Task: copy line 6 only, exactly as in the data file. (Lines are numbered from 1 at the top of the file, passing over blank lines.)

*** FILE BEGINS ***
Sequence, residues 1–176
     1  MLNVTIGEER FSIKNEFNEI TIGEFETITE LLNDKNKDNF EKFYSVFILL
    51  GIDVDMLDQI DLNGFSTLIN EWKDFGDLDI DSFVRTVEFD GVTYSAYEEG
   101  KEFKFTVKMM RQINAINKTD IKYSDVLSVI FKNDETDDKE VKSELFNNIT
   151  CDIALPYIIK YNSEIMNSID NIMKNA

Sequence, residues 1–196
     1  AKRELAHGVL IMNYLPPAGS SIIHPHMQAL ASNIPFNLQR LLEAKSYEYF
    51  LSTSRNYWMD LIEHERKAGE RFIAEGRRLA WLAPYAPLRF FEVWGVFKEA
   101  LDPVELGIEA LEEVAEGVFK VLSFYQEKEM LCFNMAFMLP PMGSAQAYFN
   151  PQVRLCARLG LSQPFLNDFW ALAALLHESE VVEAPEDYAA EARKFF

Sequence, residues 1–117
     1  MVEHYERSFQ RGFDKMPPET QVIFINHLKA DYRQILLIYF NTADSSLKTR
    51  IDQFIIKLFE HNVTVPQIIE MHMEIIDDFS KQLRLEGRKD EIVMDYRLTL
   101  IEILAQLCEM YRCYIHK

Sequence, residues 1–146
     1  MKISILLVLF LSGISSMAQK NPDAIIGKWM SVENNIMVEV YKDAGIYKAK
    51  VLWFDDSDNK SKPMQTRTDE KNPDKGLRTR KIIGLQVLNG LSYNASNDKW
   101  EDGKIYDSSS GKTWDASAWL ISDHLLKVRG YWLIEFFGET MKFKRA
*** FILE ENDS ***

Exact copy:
Sequence, residues 1–196